City: Conversations with Clark County about 911 issues going in right direction

One goal is to make software and systems work together better for first responders.

Credit: Bill Lackey

Credit: Bill Lackey

Springfield city officials said conversations regarding issues with technology used as part of the combined 911 emergency dispatch system are moving in a positive direction, though more work still needs to be done.

Last month Springfield Mayor Rob Rue emailed Clark County Commissioner Melanie Flax Wilt detailing issues — including a lack of full access to systems the city says were promised, system crashes and a lack of access to case management functions. Since then, a user advisory group, established by Flax Wilt, met earlier this month and plans to continue to do so.

Rue said the group includes Jason Via, deputy safety director, and representatives from the Springfield Police Division, Springfield Fire Rescue Division, the county and other users. He said that since Flax Wilt took charge, he has seen an “urgency” to make sure there is “greater customer satisfaction” among users of dispatch software.

“Melanie has stepped up to the plate in helping lead the dispatch where maybe others should have, but she’s taken charge to this point,” Rue said.

A more than $1 million contract provided to the News-Sun and signed by city and county officials established the joint 911 dispatch center and provided technology including radios, headsets and 911 phones. The contract is effective from Jan. 1, 2021, to Dec. 31, 2030.

The Clark County Sheriff’s Office manages the 7,000-square-foot dispatch center, office and training facility. The center is located on Home Road.

In an email from Flax Wilt to Sheriff Deb Burchett and others involved in the dispatch center, the commissioner summarized a meeting in May last year in which there were discussions to form a user advisory group. She said in her email to Rue that Burchett had agreed to have her office start the group. This group was established under Flax Wilt.

Interim Chief Deputy Mike Young said in an email the user group involves reporting software related to city police and fire personnel, and “there is a great deal of work” impacting the county information systems department and network, “as well as contractual matters for both the city and county to develop further discussions.”

“I would also highlight this topic with the assignment by Sheriff Burchett to have our personnel at the tables of these groups to continue to offer direction, guidance, support and partnership has aided the improvements,” Young said. “Commissioner Wilt will be as successful as the team is. The city and county are working together as we have previously, and the work for user access is controlled outside of the sheriff’s office. We could not form a user group until such time the county and city were prepared to discuss access/networks, contracts for such items too.”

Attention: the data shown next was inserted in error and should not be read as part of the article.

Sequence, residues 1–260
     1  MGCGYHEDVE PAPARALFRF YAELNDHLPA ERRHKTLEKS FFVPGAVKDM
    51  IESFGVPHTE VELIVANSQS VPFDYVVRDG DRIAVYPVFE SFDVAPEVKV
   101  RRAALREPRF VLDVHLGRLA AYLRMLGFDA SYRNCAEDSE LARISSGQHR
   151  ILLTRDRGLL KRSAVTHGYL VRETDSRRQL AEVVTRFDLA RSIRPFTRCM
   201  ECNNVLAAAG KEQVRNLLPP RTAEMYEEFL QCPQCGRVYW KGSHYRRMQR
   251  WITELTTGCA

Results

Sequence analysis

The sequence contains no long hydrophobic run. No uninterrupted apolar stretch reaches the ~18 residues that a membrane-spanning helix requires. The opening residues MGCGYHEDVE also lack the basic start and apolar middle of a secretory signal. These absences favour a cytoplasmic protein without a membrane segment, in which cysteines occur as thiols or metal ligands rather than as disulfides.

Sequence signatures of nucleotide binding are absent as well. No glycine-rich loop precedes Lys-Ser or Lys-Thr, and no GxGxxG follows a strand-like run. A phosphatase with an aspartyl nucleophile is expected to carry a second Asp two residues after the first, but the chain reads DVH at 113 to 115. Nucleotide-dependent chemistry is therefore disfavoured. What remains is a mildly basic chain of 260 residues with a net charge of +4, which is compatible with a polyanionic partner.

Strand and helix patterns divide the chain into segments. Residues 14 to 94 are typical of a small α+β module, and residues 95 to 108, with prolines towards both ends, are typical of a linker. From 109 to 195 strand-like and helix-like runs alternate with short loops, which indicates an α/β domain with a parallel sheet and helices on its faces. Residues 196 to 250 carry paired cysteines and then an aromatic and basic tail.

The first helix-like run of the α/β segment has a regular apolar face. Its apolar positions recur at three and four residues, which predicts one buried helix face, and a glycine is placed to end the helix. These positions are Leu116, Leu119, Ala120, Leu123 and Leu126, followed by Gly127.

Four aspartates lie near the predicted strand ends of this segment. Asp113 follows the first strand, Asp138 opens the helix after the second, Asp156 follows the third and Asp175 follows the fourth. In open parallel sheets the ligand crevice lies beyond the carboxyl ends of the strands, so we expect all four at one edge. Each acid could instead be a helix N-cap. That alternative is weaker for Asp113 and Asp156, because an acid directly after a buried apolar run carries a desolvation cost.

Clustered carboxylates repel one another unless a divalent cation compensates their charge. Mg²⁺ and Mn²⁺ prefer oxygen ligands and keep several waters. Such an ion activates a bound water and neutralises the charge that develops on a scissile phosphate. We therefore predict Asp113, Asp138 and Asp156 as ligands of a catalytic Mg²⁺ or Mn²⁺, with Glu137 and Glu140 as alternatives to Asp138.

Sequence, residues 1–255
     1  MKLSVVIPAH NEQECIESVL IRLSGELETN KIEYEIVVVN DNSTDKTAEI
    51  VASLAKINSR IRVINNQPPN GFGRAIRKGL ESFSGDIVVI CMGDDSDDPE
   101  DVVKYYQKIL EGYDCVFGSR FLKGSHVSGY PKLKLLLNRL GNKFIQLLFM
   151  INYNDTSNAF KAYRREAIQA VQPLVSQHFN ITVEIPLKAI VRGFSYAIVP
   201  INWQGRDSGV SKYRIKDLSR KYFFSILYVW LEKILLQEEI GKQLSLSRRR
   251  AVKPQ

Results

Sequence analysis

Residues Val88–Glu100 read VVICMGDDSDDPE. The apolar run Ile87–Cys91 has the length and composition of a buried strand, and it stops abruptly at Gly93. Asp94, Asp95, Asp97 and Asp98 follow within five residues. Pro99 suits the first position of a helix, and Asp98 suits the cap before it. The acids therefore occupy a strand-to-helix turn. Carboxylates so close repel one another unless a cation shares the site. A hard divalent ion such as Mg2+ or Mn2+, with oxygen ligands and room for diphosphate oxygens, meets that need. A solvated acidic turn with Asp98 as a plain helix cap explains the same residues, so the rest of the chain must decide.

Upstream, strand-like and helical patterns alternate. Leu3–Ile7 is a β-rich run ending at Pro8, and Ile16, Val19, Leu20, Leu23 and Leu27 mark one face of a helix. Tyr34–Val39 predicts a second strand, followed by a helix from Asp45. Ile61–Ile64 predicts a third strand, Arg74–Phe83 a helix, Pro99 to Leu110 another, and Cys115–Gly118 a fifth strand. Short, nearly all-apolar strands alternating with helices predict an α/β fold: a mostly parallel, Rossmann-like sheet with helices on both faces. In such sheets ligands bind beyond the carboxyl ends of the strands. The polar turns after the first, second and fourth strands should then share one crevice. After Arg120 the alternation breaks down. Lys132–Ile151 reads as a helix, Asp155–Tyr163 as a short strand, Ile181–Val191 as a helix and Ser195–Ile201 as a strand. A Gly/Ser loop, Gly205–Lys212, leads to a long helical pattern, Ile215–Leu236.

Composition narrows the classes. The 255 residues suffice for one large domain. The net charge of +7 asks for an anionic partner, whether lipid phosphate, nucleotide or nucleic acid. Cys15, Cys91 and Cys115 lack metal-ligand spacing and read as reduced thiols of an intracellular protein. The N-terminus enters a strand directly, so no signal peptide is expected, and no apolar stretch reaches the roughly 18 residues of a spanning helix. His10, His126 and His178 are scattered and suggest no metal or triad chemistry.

Late last month, Rue said the city would not pay the July bill for its contract until issues are resolved or they see “movement in the right direction.”

Rue said that things are not where they need to be just yet, but he is satisfied with increased efforts to meet and fix any issues. He said there are some other factors beyond the county’s control with vendors who manage the systems to take into account as well.

Via said that positive strides are being made due to effective communication, and the county is being receptive to feedback.

He said many calls for service are time sensitive and first responders need to be able to access all necessary information “in a timely manner” in order to respond more efficiently.

“Hopefully, once we make forward movement and move past this portion of it, these other connections and cooperations will move along smoothly,” Via said.

Flax Wilt said she went on a ride-along with a Springfield police officer this week to observe his use of three different systems where police has said one could increase efficiency. She said she now has a better understanding of how the software works together and of the initial challenges with the new systems that may not be issues anymore.

“I think I have stepped beyond the scope of ... my direct responsibilities just to facilitate some conversations and ensure that we’re actively listening to the users to see what we can do better,” Flax Wilt said.

This has also resulted in users recognizing things they could do better and to better understand how the software works and their part in the system, she said.

One example of this is the decision to use one large television screen in the SPD command center to display all first responder vehicles instead of multiple desktops being logged in at the same time, Flax Wilt said.

“I think we’ve made progress, and while some of the things seem minor, I think they will have a big impact on transparency and ease of use, and that’s the key,” Flax Wilt said. “We forced a lot of people to go through a lot of changes, and the easier we can make the adoption of those changes on the users themselves, the better the county will be as a result.”

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